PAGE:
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More places detect trace radiation

Amounts remain below permissible levels: agency

Traces of radioactive material are being detected across the nation following a widening nuclear crisis in Japan, but the minuscule amounts pose no health risk, officials said Tuesday.

“Tiny doses of iodine 131 were detected at all 12 monitoring stations nationwide Monday. There were also traces of cesium 137 detected at the Chuncheon center,” Yun Choul-ho, president of the Korea Institute of Nuclear Safety, said during a news conference.

However, Yun made it clear that the radiation levels were extremely small and that the trend was repeated around the world.

“An unnecessary atomic scare is spawning among the public. Considering the current situation, there should be no change in people’s daily lives,” he said.

The disclosure came one day after the state-run nuclear regulator confirmed Monday that traces of xenon 133, another radioactive isotope, were discovered in Gangwon Province on March 23.

Because radioactive xenon does not exist in the air naturally, the KINS presumed that the material was released from the Fukushima Daiichi nuclear power plant in Japan, which was struck by a powerful earthquake and tsunami on March 11.

Like xenon, the nuclear regulator said that newly detected iodine and cesium reached the country on the prevailing westerly winds.

Further deepening public concerns over the dangers of nuclear leaks, the Japanese government announced Tuesday that highly toxic plutonium is seeping from the damaged nuclear plant into the soil outside.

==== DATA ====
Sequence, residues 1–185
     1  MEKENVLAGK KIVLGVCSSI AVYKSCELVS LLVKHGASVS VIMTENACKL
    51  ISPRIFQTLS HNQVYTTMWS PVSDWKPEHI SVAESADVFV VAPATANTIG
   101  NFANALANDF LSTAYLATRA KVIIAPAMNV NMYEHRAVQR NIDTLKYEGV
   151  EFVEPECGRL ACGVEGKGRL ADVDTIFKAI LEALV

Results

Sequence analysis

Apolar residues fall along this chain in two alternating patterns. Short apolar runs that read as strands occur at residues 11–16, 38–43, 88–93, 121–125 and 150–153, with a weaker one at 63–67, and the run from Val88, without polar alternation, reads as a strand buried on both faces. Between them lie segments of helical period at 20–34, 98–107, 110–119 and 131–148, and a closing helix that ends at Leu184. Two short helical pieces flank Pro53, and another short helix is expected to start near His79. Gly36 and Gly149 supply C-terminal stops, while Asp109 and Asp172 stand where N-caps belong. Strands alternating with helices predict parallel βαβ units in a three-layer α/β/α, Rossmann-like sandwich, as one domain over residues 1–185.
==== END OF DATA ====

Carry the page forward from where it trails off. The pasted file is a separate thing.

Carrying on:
A researcher measures radioactivity levels Tuesday at a radiation monitoring station in Seoul. (Kim Myung-sub/The Korea Herald)
A researcher measures radioactivity levels Tuesday at a radiation monitoring station in Seoul. (Kim Myung-sub/The Korea Herald)

“Plutonium is a heavier isotope that does not blow far away,” said Yun, downplaying the possibility of the dangerous substance’s arrival any time soon in Korea.

“We can detect the material by testing samples. When necessary, the KINS will collect the samples for inspection.”

Some have compared the crisis to the 1986 Chernobyl nuclear disaster, but Yun said the two cases are “totally different.”

“Some contaminated coolant waters could flow into the sea in Japan’s case. But the total radiation amounts would not be larger than in the Chernobyl accident,” he said, adding it was his own opinion.

Yun predicted that radioactive materials would be found everywhere in the world following the ongoing emergency situation at the crippled Japanese plant, saying the issue is how much radioactive material reaches the country.

The Korean government has tightened its monitoring of radiation levels, conducting tests in 20 areas near the East and South Seas. It also decided to increase the current weekly check of air quality to every day.

In a recent simulation by the KINS, Korean people were to be exposed to 0.3 millisievert of radiation per year in the worst scenario following the nuclear crisis in Japan.

The radiation levels were 30 percent of the annually permissible exposure levels of 1 millisievert for ordinary people. The average amount of radiation workers at a nuclear plant are exposed to in a year is 20 to 100 millisieverts.

According to the KINS, an average Korean has received 0.0003 millisievert from normal background radiation over the past year. One-time X-ray exposure releases 0.3 to 1 millisieverts of radiation, it added.

By Lee Ji-yoon (
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Korea Herald daum